[00:6:53] AB: Are your mom and the rest of your extended family still in Colombia?

[00:6:54] AS: My mom is. My dad and his wife and his family are, and my grandparents yea. So the majority of the family, yes. I have aunts and cousins who live in the States and some that live in other places of the world.

[00:7:15] AB: Do you go visit them back in Colombia?

[00:07:16] AS: I do. I go once a year. My grandfather just passed away. He was 99. We got to see him last year. SO he lived a full life. And my ex-husband’s family is from Colombia, so my kids get to go to Colombia often. So yea, I try to go.

[00:7:38] AB: And, if you don’t mind me asking, when did you give birth to your daughters

[00:7:49] AS: Mmhhh. I had Sal when I had just turned 27-28. And the Ana was born in 2006; I was 30 when she was born. She was born in March

AB: And where were they born?

[00:07:55] AS: They were born in Western Wake in Cary, though we were living in Cary at the time. I had an epidural in a hospital, a regular birth. My first, labor was really long. I went into labor at 6 in the morning on the 30th and was in labor all day on the 30th, and was admitted into the hospital at around 10 o clock. Then I had an epidural at 11:00, then she wan born at 7:30 the next day. So she was born on Halloween. But you know it was intense while I was at home, but while I was at the hospital it was fine. It went great. And then Ana’s birth was really easy. I got in at 2 and she as born at 11. It was a breeze.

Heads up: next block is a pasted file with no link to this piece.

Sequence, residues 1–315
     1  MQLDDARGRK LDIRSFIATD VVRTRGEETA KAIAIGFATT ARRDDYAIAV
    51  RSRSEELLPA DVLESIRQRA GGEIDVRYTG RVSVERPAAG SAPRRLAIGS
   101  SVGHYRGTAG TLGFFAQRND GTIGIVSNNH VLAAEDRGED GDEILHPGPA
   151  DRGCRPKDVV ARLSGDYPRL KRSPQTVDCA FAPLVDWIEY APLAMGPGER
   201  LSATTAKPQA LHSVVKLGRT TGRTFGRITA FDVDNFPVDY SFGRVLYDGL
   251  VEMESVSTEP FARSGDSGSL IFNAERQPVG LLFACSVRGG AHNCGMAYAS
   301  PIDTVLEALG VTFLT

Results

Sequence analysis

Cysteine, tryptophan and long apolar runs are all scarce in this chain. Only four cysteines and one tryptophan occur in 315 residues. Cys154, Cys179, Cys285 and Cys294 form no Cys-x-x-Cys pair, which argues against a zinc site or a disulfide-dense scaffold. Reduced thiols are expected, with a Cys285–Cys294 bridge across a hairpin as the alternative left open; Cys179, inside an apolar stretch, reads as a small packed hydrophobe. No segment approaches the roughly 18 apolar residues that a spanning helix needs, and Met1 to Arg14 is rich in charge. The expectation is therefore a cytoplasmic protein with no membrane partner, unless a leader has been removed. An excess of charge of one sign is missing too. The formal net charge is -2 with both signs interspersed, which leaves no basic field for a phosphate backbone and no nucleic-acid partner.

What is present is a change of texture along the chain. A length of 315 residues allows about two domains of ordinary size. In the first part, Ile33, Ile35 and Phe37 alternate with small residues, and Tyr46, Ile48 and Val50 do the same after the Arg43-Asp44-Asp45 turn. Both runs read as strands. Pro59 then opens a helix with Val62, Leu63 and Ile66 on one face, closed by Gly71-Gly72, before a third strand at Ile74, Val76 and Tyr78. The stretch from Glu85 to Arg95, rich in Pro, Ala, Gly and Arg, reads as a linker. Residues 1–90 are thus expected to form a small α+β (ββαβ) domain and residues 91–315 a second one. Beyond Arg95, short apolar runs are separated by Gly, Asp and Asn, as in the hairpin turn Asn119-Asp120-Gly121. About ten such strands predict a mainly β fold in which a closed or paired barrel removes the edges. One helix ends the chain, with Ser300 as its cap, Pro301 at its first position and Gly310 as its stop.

AB: And how old are they if you don’t mind me asking?

[00:9:28] AS: Sal is 10. Ana is 9.

AB: And how is the health care system here vs. in Colombia?

[00:9:40] AS: So, I’m not really sure. My dad is a psychiatrist and a lot of uncles and aunts are doctors. So we were always seen by one of them. Yes…(laughs) Here, I didn’t have insurance for along long time. SO it was between Planned Parenthood and the hospital that I dealt with a lot of things. And now that I have insurance… once the girls were born, now I have insurance. But they have a pediatrician that has seen them since they were little. I have experiences the health care system more through my mother. And, I don’t know, it’s not great. But she has health insurance and it covers the basics. We just had to put her in assisted living in Colombia, but that’s not covered. But she had to be in the hospital for two weeks and pretty much all of tit was covered. But I do pay a certain amount of month. And it wasn’t like the greatest facilities, but she is covered.

[00:11: 13] AB: When you didn’t have health insurance when you got sick, what would you have to do?

[00:11:18] AS: I remember that it was one tie that I only been to the emergency room was when I had really bad cramps and I had been sick for a while. They made me stay for about two days and I had about a three thousand dollar bill for that. I mean this is a long time ago. So what I learned is that I don’t need to go to the doctor and I need to just take care of myself. Umh, and that basically how I do. I try to watch what I eat, I work out regularly, so I try to stay as healthy as I can. If I get a cold I am a big believer in eastern style medicine. So I take vitamins and I do acupuncture. And I do as much home and natural remedies as possible. And id I do, have a major question, I call dad and I ask him “so what do you think is going on?” We have been having to go to the doctor a lot because my littlest one is dealing with asthma

[00:12:31] AB: Do you have any Colombian remedies that you do?

[00:12:39] AS: I do, but I think they are more like wives tales. SO whenever someone gets sick with a cold, they rub their feet with Vicks VapoRub and put in your chest. And it’s believed that you have to wear a red cloth because it keeps you warm and you have to sweat. And you drink a specific tea with brown sugar, and lemon. And the idea behind all of this is that you have to sweat it all out. SO that’s one of the things that you do when you have a cold.